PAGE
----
2016 Program: Environmental Justice
The struggle continues at Standing Rock. join a discussion on what's at stake, what's happening on the ground, and how you can still build solidarity.
What is happening at the intersection of race, climate, and economy? What does it look like to address race explicitly while advancing community-driven solutions to the climate crisis? As we enter the hottest months in recorded history, Indigenous, Black, Latino, Asian, Pacific Islander and working class white communities in the US and globally are not only on the frontlines of the climate crisis – they are also at the leading edge of the growing climate justice movement. “Frontline communities” are the peoples living directly alongside fossil-fuel pollution and extraction—overwhelmingly Indigenous Peoples, Black, Latino, Asian and Pacific Islander peoples in working class, poor, and peasant communities in the US and around the world. In climate disruption and extreme weather events, we are hit first and worst. In this interactive workshop, people will explore deep democracy approaches to communities defining their own resilience models and climate solutions, addressing race explicitly in climate resilience planning, linking economic and ecological justice through a racial justice frame, and tapping into the ecological and cultural wisdom of communities of color to transform our cities. Join leaders from the Grassroots Global Justice Alliance and the Movement Strategy Center in an interactive discussion that will build on local, regional, national, and global campaigns to draw out lessons and sharpen our collective vision of Just Transition from the extractive economy to local living economies.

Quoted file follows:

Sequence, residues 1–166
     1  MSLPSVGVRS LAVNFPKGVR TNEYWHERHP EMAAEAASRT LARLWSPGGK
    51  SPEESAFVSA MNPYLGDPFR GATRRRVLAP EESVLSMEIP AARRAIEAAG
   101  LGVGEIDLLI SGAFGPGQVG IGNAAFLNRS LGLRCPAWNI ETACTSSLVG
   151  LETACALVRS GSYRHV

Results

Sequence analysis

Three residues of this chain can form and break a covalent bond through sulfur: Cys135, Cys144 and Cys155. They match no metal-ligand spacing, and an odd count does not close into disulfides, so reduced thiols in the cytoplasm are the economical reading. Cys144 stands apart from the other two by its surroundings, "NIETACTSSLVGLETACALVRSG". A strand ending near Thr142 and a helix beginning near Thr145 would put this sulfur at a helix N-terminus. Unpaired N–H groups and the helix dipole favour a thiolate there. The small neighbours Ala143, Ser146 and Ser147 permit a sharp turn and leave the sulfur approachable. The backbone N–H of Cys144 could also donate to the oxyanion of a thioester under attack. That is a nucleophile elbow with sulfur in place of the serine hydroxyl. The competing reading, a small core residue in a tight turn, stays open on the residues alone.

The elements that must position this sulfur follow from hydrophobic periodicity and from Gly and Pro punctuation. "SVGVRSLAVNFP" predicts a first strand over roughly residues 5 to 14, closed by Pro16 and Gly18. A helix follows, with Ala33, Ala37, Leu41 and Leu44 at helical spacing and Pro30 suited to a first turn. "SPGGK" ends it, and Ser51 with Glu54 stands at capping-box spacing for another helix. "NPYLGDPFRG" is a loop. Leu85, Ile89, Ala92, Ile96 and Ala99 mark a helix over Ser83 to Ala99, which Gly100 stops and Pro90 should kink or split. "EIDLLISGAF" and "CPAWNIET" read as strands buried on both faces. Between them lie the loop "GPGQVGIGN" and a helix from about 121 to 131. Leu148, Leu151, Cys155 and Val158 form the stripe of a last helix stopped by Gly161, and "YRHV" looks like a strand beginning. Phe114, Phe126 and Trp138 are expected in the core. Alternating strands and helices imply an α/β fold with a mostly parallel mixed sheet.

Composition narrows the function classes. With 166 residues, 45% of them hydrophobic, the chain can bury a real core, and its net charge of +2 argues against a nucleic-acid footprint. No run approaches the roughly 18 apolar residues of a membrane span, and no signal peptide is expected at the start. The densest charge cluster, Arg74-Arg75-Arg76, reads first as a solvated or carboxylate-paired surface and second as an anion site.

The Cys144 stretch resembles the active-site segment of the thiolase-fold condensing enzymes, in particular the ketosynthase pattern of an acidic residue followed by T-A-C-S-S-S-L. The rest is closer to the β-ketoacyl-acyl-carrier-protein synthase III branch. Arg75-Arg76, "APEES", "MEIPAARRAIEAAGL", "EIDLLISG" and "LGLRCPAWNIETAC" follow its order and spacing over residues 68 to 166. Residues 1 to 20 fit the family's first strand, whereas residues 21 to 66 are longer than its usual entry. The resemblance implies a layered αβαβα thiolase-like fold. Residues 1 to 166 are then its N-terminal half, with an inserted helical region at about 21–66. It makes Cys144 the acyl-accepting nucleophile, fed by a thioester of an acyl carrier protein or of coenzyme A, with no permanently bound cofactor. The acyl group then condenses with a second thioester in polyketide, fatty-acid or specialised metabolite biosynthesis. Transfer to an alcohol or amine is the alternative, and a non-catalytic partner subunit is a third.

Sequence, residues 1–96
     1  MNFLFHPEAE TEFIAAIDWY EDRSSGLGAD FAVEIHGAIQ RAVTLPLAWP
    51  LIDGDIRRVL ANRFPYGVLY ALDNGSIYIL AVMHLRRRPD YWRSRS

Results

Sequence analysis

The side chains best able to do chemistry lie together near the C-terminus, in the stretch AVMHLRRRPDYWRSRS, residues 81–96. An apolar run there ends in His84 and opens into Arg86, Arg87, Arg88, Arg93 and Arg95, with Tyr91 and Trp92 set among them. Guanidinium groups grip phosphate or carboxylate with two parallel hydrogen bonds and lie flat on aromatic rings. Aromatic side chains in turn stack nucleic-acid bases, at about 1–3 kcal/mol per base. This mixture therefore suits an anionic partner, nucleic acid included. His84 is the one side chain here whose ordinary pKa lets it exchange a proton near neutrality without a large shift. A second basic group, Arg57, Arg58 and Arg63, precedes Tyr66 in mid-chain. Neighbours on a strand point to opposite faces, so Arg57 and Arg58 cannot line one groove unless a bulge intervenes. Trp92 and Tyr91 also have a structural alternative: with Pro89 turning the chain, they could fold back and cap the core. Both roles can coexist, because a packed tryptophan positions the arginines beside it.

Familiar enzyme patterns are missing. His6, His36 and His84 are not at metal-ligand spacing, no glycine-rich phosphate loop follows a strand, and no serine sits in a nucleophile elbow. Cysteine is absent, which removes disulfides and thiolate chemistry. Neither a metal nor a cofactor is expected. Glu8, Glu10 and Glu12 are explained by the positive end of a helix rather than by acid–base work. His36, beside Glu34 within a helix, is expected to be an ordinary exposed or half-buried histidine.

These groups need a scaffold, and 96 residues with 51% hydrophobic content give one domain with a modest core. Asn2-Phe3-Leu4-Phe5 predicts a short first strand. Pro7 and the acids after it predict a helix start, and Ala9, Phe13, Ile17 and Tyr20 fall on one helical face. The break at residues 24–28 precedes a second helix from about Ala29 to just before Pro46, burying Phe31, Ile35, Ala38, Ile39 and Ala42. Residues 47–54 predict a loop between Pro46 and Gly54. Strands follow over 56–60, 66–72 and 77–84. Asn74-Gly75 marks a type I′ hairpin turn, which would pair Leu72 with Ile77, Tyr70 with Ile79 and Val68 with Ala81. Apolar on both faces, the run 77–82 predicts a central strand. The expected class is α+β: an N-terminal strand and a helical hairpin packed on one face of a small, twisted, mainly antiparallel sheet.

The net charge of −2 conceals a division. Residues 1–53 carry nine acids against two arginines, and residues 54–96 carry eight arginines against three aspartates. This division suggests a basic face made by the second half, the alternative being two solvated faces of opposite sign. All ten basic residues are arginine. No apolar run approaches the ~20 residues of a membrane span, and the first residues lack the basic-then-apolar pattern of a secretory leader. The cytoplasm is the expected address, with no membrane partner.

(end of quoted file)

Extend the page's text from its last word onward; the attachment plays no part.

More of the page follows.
The Flint water crisis represents the worst possible intersection of racial and economic inequality as well as political exploitation and corruption in the United States. But the story doesn’t end and begin with Flint. Across the country we are witnessing water shut offs in Detroit and Baltimore and contaminated water in Alabama’s Blackbelt region. We’re seeing radioactive water in New Mexico and devastating droughts in California. And despite the national embarrassment of government’s handling of Hurricane Katrina, several cities including Tampa, Miami, Sacramento and New York City are all at risk of falling to the same fate. Low-income communities of color across the country are in a full-blown state of emergency. Despite facing particularly devastating conditions brought on by a toxic mix of criminal level neglect at the hands of government and the commodification of water, too often voices of color are left out of crucial conversations about climate change and environmental justice policies. Despite this, our communities have and continue to organize for change and find innovative ways to care for and uplift our people. This workshop will feature examples of the innovative ways activists and communities are dealing with the national water crisis. The goal is to have a highly interactive, cross-region conversation in which people can plug in to local-to-national organizing efforts and incorporate an intersectional approach to talking about water rights, access and infrastructure.